Photography Tips for Bloggers
The reason a person reads your blog is as varied as the number of different blogs out there. However, most blogs have 1 key factor in common and that’s PHOTOS. Because photos are so important, I have put together some photography tips for bloggers to help you improve your blog’s photography, remain consistent to your brand and style, and save money by avoiding the cost of stock images.
I have to admit, when I come across a blog, I look for 2 things…the photos and the bullet points. Ok, I’ll confess that usually I’m looking for a recipe, but still. I REALLY need to be interested in a specific topic in order to take the time to read the full blog post because I just don’t have extra time. So, with our present high paced, crazy world there has to be at least a few people like me. Therefore, if your photos are not high quality this will not look good for your blog’s professionalism.
If you’re looking to take your blog to the next level and captivate your audience through quality free photos then, I’m here to help! I’m here to offer photography tips for bloggers so your blog can look more professional and you will save money while taking high quality images for your blog. Plus! The tips offered will show you how to use your camera phone, a point n shoot and a DSLR camera to achieve this look. By taking your own photos you will save money on stock photos, which can add up quickly to become a large expense you will be able to remain consistent with your style.
So, let’s start off easy…there are 3 fundamental elements of a quality photo.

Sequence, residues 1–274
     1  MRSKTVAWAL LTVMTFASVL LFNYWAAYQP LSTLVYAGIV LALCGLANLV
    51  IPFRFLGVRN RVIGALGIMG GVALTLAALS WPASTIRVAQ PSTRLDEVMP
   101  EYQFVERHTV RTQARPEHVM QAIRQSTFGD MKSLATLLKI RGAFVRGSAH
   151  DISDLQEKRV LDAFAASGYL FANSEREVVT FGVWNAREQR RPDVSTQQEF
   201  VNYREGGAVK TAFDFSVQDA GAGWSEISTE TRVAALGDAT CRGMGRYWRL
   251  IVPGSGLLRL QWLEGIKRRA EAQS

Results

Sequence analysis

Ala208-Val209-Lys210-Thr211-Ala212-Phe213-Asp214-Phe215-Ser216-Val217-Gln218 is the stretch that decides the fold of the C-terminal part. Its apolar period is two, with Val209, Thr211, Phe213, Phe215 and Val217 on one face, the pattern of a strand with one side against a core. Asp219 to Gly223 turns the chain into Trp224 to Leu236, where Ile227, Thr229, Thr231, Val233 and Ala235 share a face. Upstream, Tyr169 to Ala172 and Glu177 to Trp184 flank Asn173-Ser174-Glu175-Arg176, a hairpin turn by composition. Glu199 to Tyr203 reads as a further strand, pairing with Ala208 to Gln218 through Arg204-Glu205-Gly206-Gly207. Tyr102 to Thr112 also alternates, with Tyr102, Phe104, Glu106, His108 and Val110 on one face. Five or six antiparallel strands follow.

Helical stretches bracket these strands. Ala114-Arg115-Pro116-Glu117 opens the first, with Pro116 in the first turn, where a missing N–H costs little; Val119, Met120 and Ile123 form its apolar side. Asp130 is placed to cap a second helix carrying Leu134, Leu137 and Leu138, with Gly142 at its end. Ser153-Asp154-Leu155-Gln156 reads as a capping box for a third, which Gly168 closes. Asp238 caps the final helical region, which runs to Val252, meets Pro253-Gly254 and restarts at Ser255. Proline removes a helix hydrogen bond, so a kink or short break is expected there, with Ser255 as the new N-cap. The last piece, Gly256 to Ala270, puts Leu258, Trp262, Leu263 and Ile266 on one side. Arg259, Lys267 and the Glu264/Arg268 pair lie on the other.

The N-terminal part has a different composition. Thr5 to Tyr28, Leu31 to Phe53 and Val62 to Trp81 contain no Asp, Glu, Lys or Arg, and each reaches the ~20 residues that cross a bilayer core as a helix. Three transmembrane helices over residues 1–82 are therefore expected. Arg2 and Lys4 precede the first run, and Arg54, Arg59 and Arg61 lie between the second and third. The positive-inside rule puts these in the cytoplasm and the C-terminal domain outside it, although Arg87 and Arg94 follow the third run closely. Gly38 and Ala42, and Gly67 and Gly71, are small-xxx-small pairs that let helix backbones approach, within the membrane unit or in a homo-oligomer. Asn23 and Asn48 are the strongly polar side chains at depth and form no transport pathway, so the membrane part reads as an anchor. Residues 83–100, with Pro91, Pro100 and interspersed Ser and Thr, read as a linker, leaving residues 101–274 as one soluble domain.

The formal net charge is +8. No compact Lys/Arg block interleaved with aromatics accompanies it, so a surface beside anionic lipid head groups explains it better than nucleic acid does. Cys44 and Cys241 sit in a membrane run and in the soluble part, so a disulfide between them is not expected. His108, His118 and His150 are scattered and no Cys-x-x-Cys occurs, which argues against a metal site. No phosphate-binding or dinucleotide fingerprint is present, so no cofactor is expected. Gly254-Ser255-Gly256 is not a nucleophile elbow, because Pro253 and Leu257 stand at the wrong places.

- Composition & Perspective
First up, is composition and perspective. The composition of a photo helps make it visually appealing and comfortable to your readers. The typical angle that everyone sees is boring, so change things up. Get low, get high or get an angled shot. These out of the norm shots of an average subject will make things much more interesting! Next, try to avoid placing anything near the edges. The focal point of your image should be in the hearty middle of the image not almost falling off the edge. When details are close to the edge, it makes people uncomfortable. However, with that being said, you don’t want to center an object directly in the middle of the photo either. Have it slightly off center (vertically and horizontally) to improve the overall appeal. Just look at the 2 pictures below…the bottom one looks far more appealing than the top and a lot has to do with taking the details out of the center of the photo. You could make other arguments as well, but for now that’s what I want you to take away from the two photos below.